That's we recommended using useLayoutEffect as it will run before the DOM gets painted to the screen. The only time that won't happen is when using SSR and your app hasn't been hydrated. For that, you might need to do something similar to option 2 here.

https://gist.github.com/gaearon/e7d97cdf38a2907924ea12e4ebdf3c85

 

11 hours ago, Alixsep said:

also May you please add examples of transition between routes? For example when I go from homepage to about page, how to animate that?

 

Yeah, we'll work on a demo for that, although it's a little more complicated because it involves keeping track of elements using state and React's Children API.

 

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When I try to use gsap.utils.selector(), this error pops up "React Hook useEffect has a missing dependency: 'q'. Either include it or remove the dependency array  react-hooks/exhaustive-deps" How do I fix this?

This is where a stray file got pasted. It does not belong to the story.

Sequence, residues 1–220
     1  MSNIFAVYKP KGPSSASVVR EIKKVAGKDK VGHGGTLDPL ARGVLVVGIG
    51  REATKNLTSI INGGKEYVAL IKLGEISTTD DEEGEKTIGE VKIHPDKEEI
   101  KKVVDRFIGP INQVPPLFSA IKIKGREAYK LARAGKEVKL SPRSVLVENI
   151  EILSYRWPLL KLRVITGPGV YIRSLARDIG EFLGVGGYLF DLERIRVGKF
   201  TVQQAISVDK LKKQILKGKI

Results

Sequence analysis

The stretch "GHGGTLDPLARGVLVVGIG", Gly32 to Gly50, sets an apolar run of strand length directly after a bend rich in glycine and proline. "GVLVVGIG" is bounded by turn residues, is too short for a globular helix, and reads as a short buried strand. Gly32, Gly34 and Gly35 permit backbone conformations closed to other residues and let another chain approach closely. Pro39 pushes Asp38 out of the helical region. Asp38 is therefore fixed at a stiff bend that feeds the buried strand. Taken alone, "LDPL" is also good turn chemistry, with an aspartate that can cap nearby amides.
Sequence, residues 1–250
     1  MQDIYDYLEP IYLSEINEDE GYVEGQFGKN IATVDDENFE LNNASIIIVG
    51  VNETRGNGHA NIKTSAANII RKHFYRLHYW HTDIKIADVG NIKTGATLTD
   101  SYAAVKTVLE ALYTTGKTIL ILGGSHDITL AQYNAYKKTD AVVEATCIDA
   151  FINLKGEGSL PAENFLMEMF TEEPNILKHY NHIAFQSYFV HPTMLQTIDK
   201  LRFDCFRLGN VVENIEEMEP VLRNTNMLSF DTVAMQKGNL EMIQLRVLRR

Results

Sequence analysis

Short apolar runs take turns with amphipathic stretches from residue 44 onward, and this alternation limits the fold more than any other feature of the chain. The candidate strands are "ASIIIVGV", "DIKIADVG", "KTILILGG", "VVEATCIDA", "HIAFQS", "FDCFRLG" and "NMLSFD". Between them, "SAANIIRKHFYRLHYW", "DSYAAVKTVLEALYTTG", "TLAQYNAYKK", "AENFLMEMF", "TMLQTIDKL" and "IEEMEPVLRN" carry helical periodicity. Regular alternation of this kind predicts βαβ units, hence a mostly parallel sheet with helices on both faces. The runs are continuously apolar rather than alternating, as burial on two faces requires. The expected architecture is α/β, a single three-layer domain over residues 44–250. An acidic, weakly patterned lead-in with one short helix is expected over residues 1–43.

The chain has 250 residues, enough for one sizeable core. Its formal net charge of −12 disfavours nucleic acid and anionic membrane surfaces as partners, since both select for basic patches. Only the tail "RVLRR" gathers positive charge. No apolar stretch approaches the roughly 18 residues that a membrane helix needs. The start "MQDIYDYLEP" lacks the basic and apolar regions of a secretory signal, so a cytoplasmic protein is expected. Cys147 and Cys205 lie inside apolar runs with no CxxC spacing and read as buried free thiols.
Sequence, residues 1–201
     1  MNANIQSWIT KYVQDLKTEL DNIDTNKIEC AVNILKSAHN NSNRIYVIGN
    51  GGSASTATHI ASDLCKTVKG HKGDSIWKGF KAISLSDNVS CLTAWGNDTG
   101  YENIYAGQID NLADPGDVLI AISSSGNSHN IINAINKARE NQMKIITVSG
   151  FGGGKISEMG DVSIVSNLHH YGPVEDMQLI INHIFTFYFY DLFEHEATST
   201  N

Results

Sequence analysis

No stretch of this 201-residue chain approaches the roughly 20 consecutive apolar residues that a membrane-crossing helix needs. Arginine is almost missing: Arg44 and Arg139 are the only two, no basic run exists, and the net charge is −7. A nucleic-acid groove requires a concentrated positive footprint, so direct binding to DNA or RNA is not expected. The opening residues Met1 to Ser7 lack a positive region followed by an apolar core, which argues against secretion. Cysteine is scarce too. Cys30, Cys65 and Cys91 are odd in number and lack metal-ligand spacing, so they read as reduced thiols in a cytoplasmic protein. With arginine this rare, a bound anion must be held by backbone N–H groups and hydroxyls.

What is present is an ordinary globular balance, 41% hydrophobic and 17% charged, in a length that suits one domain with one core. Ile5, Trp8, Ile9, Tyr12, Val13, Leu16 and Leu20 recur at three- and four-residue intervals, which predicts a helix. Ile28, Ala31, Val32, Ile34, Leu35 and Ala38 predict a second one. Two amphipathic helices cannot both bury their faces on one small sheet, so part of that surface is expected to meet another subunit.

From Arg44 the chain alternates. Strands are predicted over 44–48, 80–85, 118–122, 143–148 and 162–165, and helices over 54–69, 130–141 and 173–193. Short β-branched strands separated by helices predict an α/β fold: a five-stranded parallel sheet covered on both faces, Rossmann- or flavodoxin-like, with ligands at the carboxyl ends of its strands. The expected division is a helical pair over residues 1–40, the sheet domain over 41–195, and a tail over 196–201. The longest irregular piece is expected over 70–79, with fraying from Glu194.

Screenshot (14).png

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That warning is from eslint and won't cause any problems. If you don't want to see the warning, add the eslint-disable-next-line comment above the array, or declare q inside your use effect.

 

useEffect(() => {
	const q = gsap.utils.selector(...);
}, []);

 

Also, using logo1 as the selector context isn't going to work as it has no children. You should use a ref on the root element in your component. Please look at the examples provide above.